When I walked into Steve Fortes’ home in New Haven, “The Wolfman” was on his TV, but it wasn’t the original Lon Chaney Jr. version from 1941.

“This is the newer one, with Anthony Hopkins and Benicio Del Toro,” Fortes said, tossing out the names effortlessly from his moviegoer’s memory bank.

“I don’t know why,” he said, “but I always remember all this stuff. I stay and watch the credits after the movie ends.”

Fortes’ friend and fellow film buff, Vincent DeJoy, had recommended I do a column on Fortes because “Steve has a passion for motion pictures. He is a dedicated patron of local movie theaters.”

DeJoy worked at the York Square Cinema on New Haven’s Broadway before the block went utterly upscale and that great old moviehouse closed in 2005.

“Steve was a regular there,” DeJoy said.

Fortes and DeJoy comprise one-half of the membership of the HMVS Donut Club. This group, which includes Harold and Margaret Hassel, of West Haven (the HMVS comes from the initials of the four first names), gets together once a month on a Saturday to eat doughnuts and talk about — or watch — movies.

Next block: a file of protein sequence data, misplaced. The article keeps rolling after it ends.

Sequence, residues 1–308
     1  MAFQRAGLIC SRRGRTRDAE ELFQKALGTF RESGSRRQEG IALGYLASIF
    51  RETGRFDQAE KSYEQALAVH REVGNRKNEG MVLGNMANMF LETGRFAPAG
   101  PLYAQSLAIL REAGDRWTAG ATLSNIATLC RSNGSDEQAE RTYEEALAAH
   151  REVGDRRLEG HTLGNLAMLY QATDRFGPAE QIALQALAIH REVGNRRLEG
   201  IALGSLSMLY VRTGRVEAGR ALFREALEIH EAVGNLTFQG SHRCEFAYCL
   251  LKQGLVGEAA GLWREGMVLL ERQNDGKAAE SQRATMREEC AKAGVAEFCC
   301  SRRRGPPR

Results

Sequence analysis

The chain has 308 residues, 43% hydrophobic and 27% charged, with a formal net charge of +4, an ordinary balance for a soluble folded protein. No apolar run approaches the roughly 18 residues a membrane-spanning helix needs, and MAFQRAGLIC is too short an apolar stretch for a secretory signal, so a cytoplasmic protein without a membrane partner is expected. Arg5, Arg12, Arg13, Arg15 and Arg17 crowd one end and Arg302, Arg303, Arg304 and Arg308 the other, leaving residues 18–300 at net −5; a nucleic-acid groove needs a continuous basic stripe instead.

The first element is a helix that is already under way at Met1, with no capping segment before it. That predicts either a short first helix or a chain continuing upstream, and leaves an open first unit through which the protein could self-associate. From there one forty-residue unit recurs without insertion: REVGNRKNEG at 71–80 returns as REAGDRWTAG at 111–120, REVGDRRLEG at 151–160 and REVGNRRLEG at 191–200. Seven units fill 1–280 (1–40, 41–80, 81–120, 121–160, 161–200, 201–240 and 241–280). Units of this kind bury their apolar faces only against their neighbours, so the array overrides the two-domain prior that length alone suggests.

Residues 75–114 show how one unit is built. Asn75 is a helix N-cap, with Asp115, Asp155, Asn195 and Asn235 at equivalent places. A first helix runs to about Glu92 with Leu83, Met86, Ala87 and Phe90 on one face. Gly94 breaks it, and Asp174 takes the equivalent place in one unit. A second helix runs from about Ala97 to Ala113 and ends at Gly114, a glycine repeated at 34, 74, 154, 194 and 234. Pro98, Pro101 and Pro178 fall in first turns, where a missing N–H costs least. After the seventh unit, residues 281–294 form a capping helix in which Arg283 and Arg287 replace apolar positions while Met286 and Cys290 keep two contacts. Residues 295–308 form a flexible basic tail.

How great is that?

Sometimes they meet at the Hassel home. But often they gather at Donut Crazy on York Street.

Fortes pulled out a book with the title “Donut Underestimate Yourself.” As I leafed through it, I realized it wasn’t a book at all, just a log of where and when the club has met.

“When we meet at Harold’s house, we always watch a movie,” Fortes said. “Harold and I are ‘Star Trek’ fans. My favorite is ‘The Wrath of Khan,’ so we watched that one.”

Fortes has about 200 movies in his collection on DVD, so he regularly brings one to share with his buddies. “I brought ‘The Right Stuff.’ That’s one of my all-time favorite movies.” (No. 1 is “Casablanca”).

Fortes loves so many kinds of movies, from dramas and thrillers to comedies, science fiction and foreign fare, that he’s never at a loss for something to go see. He said his “go-to place” is New Haven’s last remaining downtown movie theater, the Criterion Cinemas. He estimates he’s at the Criterion about three times a week.